When people hear the word ‘cancer’ a lot of thoughts and feelings come to mind. It is very devastating and heartbreaking once someone diagnosed with it.
A cancer diagnosis may affect their lives and the lives of loved ones also. It is very important to manage cancer and your feelings. The impact can be seen in most patients, their families, and caregivers.
Having said that, it could make existing feelings seem more intense. You may also have different feelings if your doctor has told you your cancer is advanced.
Cancer and Emotions
Surely, it is quite natural to have many different thoughts and feelings once you diagnosed with cancer. Cancer brings many changes in someone’s life. The future, which may have seemed so sure before, now becomes uncertain.
The emotions may change daily, hourly, or even minute to minute. This is true whether you’re currently in treatment, done with treatment, or a friend or family member.
The common feelings may include;
- Shock and denial
Why me? How come? What I did wrong? When you were first diagnosed, you may have had trouble believing or accepting the fact that you have cancer.
- Anger and Fear
‘I may die.’ This feeling may bring a kind of anger and fear simultaneously. Mixed mood makes you frustrated or irritated.
- Hope or Hopeless
‘Why this happened to me only? How much I am going to live?’ At first, the thought of living with cancer and treatment can be overwhelming.
Some might even feel like giving up hope.
‘I must have done something bad in my life, so GOD has punished me. It was destined to be.’ You start feeling guilty for your family, children, wife and loved ones. What will happen to them after me?
Even when you’re with people you care about, you may feel that no one understands what you’re going through. You try to compare with everyone with your health and lock down yourself.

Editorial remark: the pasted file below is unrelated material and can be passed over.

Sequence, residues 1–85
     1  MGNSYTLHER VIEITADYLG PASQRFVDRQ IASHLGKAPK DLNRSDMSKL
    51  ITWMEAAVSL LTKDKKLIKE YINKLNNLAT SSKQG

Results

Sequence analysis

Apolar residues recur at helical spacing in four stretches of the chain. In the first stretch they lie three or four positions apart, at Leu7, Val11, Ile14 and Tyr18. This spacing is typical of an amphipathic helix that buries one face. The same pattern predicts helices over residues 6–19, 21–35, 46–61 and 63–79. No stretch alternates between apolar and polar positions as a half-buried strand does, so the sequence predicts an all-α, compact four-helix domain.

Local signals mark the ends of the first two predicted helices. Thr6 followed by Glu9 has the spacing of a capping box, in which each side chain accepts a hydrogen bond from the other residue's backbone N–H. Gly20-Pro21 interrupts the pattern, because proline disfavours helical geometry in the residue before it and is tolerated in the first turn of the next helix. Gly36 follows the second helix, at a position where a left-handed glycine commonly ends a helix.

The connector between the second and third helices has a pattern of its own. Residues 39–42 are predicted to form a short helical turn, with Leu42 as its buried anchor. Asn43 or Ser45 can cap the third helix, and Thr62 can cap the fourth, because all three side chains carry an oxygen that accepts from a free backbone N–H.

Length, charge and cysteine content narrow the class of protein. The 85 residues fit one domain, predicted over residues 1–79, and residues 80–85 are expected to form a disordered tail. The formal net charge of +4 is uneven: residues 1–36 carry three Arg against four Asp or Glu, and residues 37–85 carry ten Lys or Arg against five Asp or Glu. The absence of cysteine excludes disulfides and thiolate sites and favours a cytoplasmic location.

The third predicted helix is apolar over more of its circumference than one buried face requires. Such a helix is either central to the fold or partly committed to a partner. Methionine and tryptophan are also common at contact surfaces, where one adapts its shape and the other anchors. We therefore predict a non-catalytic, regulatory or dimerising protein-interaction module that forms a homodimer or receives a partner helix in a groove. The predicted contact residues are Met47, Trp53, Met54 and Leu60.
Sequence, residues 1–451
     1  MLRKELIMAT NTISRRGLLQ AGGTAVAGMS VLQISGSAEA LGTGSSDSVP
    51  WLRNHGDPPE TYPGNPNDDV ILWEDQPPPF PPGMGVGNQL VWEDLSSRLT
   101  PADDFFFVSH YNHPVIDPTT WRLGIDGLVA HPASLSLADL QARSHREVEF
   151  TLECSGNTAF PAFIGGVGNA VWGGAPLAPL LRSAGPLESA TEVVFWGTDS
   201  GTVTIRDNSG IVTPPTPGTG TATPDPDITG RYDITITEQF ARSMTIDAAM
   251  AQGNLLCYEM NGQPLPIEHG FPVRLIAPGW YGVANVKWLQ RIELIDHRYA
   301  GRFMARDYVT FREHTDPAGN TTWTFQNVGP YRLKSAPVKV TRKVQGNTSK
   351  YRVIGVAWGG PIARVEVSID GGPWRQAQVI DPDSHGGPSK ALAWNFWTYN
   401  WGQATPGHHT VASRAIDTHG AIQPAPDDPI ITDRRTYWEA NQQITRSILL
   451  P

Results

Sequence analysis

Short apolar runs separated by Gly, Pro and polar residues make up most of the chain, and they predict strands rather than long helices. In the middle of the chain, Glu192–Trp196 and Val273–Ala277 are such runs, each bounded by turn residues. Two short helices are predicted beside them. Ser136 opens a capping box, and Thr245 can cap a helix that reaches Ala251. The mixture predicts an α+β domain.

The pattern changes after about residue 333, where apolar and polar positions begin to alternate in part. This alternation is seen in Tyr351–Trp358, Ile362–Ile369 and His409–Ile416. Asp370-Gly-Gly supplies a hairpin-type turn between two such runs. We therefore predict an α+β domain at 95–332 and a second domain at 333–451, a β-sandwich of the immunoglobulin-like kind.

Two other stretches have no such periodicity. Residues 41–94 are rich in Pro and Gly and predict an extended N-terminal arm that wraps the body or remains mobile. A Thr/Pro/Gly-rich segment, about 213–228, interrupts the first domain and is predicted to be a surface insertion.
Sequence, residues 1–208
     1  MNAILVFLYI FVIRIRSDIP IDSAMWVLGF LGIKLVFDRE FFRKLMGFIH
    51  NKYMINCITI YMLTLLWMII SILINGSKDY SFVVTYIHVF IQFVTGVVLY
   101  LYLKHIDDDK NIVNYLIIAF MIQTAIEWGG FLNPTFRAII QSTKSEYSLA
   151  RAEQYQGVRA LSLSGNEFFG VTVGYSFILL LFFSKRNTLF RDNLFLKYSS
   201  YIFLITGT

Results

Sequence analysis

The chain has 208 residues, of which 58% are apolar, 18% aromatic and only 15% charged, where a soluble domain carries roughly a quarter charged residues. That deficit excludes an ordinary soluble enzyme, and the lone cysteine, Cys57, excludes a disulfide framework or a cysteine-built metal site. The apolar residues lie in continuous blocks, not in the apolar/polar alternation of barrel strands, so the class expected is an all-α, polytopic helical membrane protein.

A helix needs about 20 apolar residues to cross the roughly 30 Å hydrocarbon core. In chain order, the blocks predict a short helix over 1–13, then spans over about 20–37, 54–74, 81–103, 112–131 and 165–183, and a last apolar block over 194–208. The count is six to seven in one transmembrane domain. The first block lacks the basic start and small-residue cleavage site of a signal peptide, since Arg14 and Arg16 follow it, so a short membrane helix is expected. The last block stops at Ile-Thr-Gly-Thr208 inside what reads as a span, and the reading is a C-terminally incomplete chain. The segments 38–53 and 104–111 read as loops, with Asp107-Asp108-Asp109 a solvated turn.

Cancer and emotions is a united healing process
You may find that some feelings pass with time, while others last longer. There are many ways to manage your emotions. Try to find a way of coping that suits you.
By accepting the situation and sharing your thoughts and feelings is often a good place to start.
- Accept the situation and Be positive.
Once people accept that they have cancer, they often feel a sense of hope. It is not about what you did and what you did not.
- Tell yourself – It’s not only you.
Don’t blame yourself. Millions of people who have had cancer are alive today. Your chances of living with cancer—and living beyond it—are better now than they have ever been before.
- Express your feelings
Try to pay attention to what you’re feeling, and spend time with people who are positive and uplifting. Talking with someone close will ease your burden.
Share feelings and fears that you may be having.
- Take out time to relax
Practice yoga, meditation or other methods of relaxation. Play or listen to music. Try to remember the happy things in the recent past and avoid the memories that make you feel sad.
- Make yourself busy in pursuing the things you love.
Get yourself busy in pursuing your hobbies. Getting out of the house and doing something can help you focus on other things besides cancer and the worries it brings.
- Recognise depression
Recognise the symptoms of depression. Your feelings and attitudes can affect the way you cope with cancer and its treatment.
- Don’t compare your health with others
Try to realize the importance of enjoying the little things in life. It’s you who will suffer if you compare with others.
- Regular follow-up with HCP.
You have to deal with the emotional impact of physical symptoms, like nausea and fatigue during chemotherapy. If you are struggling to cope, speak to your doctor.
- Just as cancer affects your physical health, it can bring up a wide range of feelings you’re not used to dealing with.
- Yet, working through your emotions can help lower stress. This can lead to improved mental and physical health. Feeling strong and positive will help you during the healing process.
- Cancer and emotions is a united healing process. It will definitely impact the treatment also.